The full SDO First Light press conference in HD.   For complete transcript, click  here .   10551   SDO First Light Press Conference
April 1, 1960: the world's first experimental weather satellite, TIROS-1, was launched.  Within three months, TIROS-1 generated over 23,000 images of earth and its atmosphere, providing an unprecedented perspective from above and revolutionizing weather forecasting. This is an historical overview of TIROS-1, its legacy and, ultimately, the birth of remote earth observation as we know it today.     For complete transcript, click  here .   10552   TIROS-1: The Forecast Revolution Begins (50th Anniversary)
This is a story about an incredibly challenging rescue that took place on January 2nd, 2010, 250 miles off the shore of North Carolina.Dennis Clements was on his way to the Caribbean when severe weather struck and damaged his boat leaving him alone in the middle of the frigid Atlantic Ocean. Miraculously, after an hour floating in the cold water, he bumped into a life raft thrown by the US Coast Guard and shortly after that he was pulled out by a Navy rescue diver. The USS Eisenhower was on its way to Afghanistan when they heard the Coast Guard's call for help. Dennis was saved thanks to a distress signal sent from his emergency beacon (EPIRB) to the GOES satellite shortly before he was dragged under water.    For complete transcript, click  here .   10553   Saved By A Weather Satellite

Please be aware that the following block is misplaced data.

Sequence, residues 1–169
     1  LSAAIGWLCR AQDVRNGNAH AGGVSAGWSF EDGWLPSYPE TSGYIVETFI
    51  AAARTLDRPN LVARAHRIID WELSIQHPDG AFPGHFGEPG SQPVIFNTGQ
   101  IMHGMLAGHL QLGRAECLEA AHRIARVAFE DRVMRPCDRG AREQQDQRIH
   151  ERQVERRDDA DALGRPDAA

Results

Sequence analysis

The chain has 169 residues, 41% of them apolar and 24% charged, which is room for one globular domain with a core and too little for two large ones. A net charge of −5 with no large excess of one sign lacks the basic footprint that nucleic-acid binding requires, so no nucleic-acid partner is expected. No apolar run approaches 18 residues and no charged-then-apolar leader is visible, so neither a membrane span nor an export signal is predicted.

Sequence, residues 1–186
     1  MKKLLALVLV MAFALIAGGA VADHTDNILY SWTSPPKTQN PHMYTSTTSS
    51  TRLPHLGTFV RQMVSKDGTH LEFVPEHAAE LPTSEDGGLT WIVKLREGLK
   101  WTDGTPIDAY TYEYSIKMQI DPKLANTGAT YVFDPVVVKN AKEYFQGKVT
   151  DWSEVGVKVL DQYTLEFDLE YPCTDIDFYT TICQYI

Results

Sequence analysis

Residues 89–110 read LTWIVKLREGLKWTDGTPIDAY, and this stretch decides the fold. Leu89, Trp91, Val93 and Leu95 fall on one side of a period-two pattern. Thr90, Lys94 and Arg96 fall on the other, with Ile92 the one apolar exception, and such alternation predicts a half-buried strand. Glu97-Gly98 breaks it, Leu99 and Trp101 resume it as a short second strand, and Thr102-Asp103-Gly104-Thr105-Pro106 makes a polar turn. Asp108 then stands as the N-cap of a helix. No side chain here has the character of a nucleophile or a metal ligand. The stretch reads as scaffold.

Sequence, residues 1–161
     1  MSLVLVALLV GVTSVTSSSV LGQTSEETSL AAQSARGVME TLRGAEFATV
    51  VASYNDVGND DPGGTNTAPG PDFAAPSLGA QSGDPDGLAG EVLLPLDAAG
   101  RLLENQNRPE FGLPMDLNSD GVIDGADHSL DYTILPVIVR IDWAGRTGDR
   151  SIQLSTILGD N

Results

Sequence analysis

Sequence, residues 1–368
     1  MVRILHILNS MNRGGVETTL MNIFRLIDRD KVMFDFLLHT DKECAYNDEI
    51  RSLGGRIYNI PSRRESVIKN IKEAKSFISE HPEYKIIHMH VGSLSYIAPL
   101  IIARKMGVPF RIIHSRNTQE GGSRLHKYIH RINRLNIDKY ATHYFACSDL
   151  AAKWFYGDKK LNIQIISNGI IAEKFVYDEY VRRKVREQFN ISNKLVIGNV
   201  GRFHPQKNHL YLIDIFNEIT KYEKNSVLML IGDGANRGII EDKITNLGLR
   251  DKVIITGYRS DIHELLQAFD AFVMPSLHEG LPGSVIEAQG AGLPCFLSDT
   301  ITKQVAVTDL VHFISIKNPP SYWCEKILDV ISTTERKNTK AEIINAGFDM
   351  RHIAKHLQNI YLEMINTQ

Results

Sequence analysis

This animation depicts how the current Search and Rescue system works. When an emergency beacon is activated, it transmits a distress signal that is received by NOAA weather satellites (GOES and POES) equipped with Search and Rescue repeaters. That signal is then relayed to Search and Rescue authorities. This technology was originally developed by NASA in the 1970's.   10554   NASA Develops Enhanced Search and Rescue Technologies